Maybe you too recently received an invitation from Congressman Doug LaMalfa to provide feedback on the Affordable Care Act. Like many other invitations for feedback from politicians (especially those in the Tea Party), the message already contained his point of view, and the expectation was clear he wanted the recipient to provide supporting evidence to reinforce his position.
So I decided to let LaMalfa know exactly how the ACA has affected our family’s ability to get affordable and comprehensive medical insurance. After the ACA was passed, California and other states elected to enact one of its early provisions that provided coverage for people with pre-existing conditions. The program, known as PCIP, was the only way my wife was able to get medical insurance, let alone anything that was affordable. In fact, to qualify for PCIP, one had to be recently declined coverage from an insurer, which of course was easy to do.
For the two years my wife has been covered, it has cost us about $500 per month with an annual out-of-pocket limit of $3,000. This compares with nearly $900 per month and a $10,000 annual deductible from Kaiser, which was the previous coverage she had four years ago. With the new healthcare exchanges under Covered California, the PCIP program is ending as people can sign up for new healthcare plans. My wife’s new plan will now cost us about $115 per month with a $2,400 annual OOP limit.
In my reply to his survey, I pointed out all of the positive aspects of the ACA and particularly how important it is to people like us. I also noted the fact that Republicans have offered no alternative and resisted this law that finally helps those of us needing affordable health care coverage.
The response I received in the official letter from LaMalfa’s office, with his signature at the bottom, simply illustrates how pointless it is to send feedback to this man. Here are the salient excerpts of that letter, in which you will see that he not only didn’t respond to the points I made but completely ignored and twisted them around to support his negative view:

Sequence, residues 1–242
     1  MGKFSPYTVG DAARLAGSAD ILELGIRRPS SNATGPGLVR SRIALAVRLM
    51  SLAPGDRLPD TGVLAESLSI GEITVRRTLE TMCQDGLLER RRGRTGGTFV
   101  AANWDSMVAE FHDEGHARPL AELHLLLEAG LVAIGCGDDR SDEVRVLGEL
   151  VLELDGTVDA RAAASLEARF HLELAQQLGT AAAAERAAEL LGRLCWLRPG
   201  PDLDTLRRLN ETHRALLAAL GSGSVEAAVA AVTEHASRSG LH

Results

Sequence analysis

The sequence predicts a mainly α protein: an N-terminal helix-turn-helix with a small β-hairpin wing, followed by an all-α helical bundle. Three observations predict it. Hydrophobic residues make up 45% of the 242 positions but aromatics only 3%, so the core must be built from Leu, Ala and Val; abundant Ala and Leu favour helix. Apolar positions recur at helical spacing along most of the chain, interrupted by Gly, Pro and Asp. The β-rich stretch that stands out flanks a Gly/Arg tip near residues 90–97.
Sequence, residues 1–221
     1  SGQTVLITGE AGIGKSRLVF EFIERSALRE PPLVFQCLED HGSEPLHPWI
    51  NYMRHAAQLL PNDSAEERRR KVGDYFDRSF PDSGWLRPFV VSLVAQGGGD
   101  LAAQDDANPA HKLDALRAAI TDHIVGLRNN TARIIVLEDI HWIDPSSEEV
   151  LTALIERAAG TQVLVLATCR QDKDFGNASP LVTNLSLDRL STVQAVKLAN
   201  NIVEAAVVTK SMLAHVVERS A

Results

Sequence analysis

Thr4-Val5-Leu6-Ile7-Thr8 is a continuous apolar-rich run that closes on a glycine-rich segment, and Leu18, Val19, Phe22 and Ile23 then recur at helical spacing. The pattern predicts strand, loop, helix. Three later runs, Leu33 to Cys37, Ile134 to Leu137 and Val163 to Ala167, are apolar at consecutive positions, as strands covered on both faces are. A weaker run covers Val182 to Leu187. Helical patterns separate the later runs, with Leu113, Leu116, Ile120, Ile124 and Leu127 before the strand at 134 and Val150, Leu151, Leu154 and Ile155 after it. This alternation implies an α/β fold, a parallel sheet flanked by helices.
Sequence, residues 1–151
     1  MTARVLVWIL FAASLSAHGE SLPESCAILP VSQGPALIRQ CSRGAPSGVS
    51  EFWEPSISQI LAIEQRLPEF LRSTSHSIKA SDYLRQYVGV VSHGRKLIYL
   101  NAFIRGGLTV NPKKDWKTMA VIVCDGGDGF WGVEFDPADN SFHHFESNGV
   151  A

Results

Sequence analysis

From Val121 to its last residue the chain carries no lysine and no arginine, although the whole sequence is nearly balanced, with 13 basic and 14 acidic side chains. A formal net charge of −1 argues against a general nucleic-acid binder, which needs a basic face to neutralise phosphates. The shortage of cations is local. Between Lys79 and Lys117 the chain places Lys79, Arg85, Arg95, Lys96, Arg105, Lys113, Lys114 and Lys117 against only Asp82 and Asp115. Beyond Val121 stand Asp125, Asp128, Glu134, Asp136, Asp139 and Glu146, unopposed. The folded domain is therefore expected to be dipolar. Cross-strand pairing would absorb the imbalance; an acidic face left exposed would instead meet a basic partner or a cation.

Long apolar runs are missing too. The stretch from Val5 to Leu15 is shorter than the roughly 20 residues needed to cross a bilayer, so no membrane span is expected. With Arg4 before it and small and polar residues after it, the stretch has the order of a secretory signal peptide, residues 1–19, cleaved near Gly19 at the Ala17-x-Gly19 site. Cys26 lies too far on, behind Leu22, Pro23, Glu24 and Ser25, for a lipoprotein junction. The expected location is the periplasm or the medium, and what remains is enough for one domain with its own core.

“Thank you for sharing your health care story with me. I appreciate you taking the time to let me know how Obamacare has affected you, and I am sorry to learn of the hardships you are faced with under this intrusive law. Stories such as yours strengthen my firm belief that Obamacare is the wrong solution for our nation’s health care.”
“Please know that I am fighting in Congress to repeal and replace the President’s unaffordable and unpopular health care law and have personally supported multiple pieces of legislation to do so.”
“Thank you again for taking my survey. I value all feedback from residents of the California’s First Congressional District. Your answers will help keep me informed on how this health care law is impacting the North State.”
LaMalfa perceives our experience with the ACA as a hardship? The hardship was trying to get any insurance in the past. It’s clear that our Congressman is not even capable of listening to or understanding what his constituents are saying — that is, of course, unless they align with his one-track way of thinking. Instead, he sends back a letter that’s a total non-sequitur to what I had written and quite possibly is counting it as a data point in whatever negative metric he plans to show from his constituency’s response.
What’s even more pathetic is that LaMalfa and his family have received hundreds of thousands of dollars in farm subsidies. It’s quite hypocritical for someone to vote against food stamps and medical insurance subsidies, while at the same time getting all they can in terms of government assistance. A corollary exists among supporters of the Tea Party. Most of them I know personally are getting Social Security, Medicare and even federal or government pensions. Yet they oppose the ACA and anything else President Obama is doing — even though their own future welfare would be compromised when the same people they support eliminate or reduce those programs.
Are people like LaMalfa so blinded by their own way of looking at the world that they don’t comprehend or realize the logical impact of their actions to themselves and others? Are they incapable of listening to other points of view and having a well-reasoned discussion? Are they so dogmatic that no amount of empirical evidence could influence them to change their minds? Unfortunately, the answer is yes.
Larry Hoffman lives in Grass Valley.